When organisations have their own life

“To be honest, I’m bored. I could do so much more, only petty politics, pointless bureaucracy, and tedious conversations with the Chief Executive just get in the way.” That was Adrian’s analysis of his situation after the first few minutes of our initial conversation.

We spent a bit more time reality checking some of the issues, and widened out the discussion to look at where his frustrations emanated from – in his case, it was probably a false impression created in part by him, and in part by the company, when he was recruited. We captured, in a couple of sentences, what he had expected and then where these specific expectations had come from.

There were then two avenues to explore immediately; could the situation be changed where he was and, in the longer term, what would satisfy him?

It became fairly clear that he needed to have a conversation with the CEO, to explore how he was feeling, and what the CEO’s perspective was. The question about the future could then be addressed once we knew the outcome of the discussion with the CEO.

When we looked at the source of his perceptions, the impression that the ‘company’ had created, it was intriguingly hard to pinpoint. The language used in their website, in their job description, the style of their premises, even the mode of dress of their interviewers, all added to this image although only partially and with hindsight. It was as though they had all colluded without intending to. It was, as if, the ‘company’ had its own mind.

The need for the CEO to offload and using Adrian to help him, reflected his own sense of being overwhelmed by the ‘company’. We tried to find threads within the conversations they’d had, but it was soon clear that they were almost as elusive too. Adrian drew a science fiction analogy – it was as though some alien energy had permeated the business and was controlling everything without anyone knowing what was going on!

At our second meeting, three weeks later, Adrian reported back on the CEO’s perception. It was not very surprising that the CEO was also frustrated – he wanted Adrian to take more authority in the organisation, to purge it of the bureaucracy, stop the petty squabbles among different functions (which were down to the dynamics between their respective heads of department), and to relieve the CEO of some of his burden. He had projected virtually all responsibility for eradicating this ‘alien’ force onto the ‘white knight’, Adrian.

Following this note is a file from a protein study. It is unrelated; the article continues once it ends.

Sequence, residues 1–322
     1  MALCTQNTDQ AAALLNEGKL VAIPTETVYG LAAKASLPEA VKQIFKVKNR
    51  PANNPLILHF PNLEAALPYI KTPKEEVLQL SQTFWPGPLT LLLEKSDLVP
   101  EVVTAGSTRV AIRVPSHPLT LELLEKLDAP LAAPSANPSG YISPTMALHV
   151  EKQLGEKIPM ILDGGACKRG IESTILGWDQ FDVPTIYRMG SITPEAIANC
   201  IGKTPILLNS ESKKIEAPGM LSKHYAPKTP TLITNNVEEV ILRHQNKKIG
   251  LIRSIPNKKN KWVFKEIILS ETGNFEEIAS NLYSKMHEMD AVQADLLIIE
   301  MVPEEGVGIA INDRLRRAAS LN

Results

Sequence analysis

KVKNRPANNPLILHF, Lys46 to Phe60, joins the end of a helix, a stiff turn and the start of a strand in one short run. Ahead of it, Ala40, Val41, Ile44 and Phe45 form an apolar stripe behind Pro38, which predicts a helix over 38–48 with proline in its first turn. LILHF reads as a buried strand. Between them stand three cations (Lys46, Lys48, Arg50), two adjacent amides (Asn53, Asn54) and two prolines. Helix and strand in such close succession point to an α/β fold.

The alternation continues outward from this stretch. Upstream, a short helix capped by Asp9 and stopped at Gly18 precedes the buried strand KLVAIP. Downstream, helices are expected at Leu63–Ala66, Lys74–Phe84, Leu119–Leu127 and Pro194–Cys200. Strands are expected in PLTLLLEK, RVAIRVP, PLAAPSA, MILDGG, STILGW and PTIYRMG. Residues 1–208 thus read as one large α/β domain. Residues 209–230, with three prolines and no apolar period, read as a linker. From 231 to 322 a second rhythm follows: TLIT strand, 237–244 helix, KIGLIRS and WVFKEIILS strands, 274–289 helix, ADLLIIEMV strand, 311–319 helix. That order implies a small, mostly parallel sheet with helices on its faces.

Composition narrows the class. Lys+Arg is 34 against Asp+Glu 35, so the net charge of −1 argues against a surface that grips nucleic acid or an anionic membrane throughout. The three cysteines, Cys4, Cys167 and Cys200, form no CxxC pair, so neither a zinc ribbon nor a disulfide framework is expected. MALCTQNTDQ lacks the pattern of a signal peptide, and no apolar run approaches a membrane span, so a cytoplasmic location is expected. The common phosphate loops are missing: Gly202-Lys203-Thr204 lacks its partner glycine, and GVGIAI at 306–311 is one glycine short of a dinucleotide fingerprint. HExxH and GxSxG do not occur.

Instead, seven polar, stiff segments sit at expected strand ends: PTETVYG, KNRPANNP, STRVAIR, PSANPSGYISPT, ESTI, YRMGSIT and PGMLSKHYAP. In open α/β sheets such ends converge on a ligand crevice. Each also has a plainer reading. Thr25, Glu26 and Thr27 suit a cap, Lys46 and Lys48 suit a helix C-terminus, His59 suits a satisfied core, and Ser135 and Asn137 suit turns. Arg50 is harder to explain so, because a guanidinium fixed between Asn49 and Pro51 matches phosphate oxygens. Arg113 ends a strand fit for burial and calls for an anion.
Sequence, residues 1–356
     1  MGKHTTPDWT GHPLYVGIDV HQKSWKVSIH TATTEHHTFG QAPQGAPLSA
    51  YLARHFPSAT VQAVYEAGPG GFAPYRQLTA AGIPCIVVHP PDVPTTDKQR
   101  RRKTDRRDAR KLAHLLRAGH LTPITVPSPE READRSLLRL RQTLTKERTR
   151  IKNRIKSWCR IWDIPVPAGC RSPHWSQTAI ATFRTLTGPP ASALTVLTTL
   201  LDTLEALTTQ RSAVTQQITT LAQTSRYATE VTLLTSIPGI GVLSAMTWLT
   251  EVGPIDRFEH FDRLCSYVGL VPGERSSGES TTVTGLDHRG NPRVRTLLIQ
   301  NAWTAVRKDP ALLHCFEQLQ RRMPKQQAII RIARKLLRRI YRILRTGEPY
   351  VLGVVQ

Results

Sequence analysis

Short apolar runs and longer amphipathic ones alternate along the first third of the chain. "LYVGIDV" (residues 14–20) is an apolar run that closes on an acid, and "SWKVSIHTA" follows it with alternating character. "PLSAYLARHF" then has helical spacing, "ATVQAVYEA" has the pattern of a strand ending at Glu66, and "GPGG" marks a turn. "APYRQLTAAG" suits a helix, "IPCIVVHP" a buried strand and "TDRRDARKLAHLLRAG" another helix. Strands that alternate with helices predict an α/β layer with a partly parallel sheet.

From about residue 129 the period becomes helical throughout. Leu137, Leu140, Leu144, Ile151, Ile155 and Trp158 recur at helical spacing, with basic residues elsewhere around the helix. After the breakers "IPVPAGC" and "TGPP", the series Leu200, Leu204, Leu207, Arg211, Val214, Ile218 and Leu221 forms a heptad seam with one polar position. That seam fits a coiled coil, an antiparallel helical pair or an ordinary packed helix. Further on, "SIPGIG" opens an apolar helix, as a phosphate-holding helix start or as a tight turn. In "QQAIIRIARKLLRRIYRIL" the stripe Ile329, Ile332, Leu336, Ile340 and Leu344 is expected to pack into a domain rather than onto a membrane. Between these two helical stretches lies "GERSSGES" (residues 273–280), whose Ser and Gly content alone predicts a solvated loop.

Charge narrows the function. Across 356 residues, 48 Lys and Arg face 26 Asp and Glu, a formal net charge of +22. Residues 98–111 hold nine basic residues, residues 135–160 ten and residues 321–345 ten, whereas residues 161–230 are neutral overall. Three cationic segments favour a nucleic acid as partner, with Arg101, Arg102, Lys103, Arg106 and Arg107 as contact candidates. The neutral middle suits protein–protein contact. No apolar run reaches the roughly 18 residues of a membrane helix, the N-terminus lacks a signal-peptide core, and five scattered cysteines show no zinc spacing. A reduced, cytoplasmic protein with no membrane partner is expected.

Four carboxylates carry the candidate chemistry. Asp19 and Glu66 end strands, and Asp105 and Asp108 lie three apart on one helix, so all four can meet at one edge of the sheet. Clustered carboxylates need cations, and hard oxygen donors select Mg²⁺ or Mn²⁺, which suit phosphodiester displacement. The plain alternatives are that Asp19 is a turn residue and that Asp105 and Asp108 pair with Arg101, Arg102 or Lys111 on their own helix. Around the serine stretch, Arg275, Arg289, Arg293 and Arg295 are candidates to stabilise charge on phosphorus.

Adrian decided to give it his best, and over the next year battled forwards. We set about developing a plan that achieved a transformation within the business. It was extremely bold – with a major relocation, the closure of a long-established and primary product line, and it’s replacement with a modern, internet based alternative. It called for far more transparency – engaging with the media and the public in a manner never before attempted. It was successful. Of the 450 employees that began this journey, Adrian managed to bring nearly 300 with him. The rest took voluntary redundancy or retired. A further 200 were recruited.

We met every fortnight throughout the first six months of this process. The analogy of the alien lasted for a while, and the transformation was even portrayed in a kind of Kubrick-style! My role, as Adrian often reflected back, was to act as an outsider – avoiding being drawn into the collusion and helping him to avoid it too. As the new enterprise rose up, so I could step back.

After 18 months, Adrian was appointed CEO when his former boss took retirement.

When a new person arrives in an organisation, like this, and immediately becomes the CEO’s personal counsellor, we soon discover that the rest of the organisation is pretty dysfunctional and needs ‘counselling’ too.

I don’t subscribe to the Companies Act definition that a company is an entity like a human being – in other words, actions that are taken in the name of a company can be treated as such in the eyes of the law. As far as I am concerned, it is an individual or a small number of individuals who have done those things and should be held accountable – though they may have done so with the best of intentions. In a sense this is in line with the relative new idea of corporate manslaughter.

However, this case study is based on the idea that an organisation can demonstrate some qualities that might otherwise be thought of as ‘human’ or, at least, as a life form! Thus it can have a shared culture that is dysfunctional. They can be depressed (you might even wonder if some company failures are a form of suicide). They can be aggressive (and not merely because the leaders are overly competitive). They can be discriminatory (not that this is an excuse). They can be highly defensive (to the point of appearing ‘above’ condemnation). And so on. I will write about all these in due course.

The abstract above illustrates typical situations that arise in the course of my work with leaders โ€“ it should go without saying that permission to quote has been given, names have been changed, and a few details tweaked to preserve confidentiality.

Best wishes

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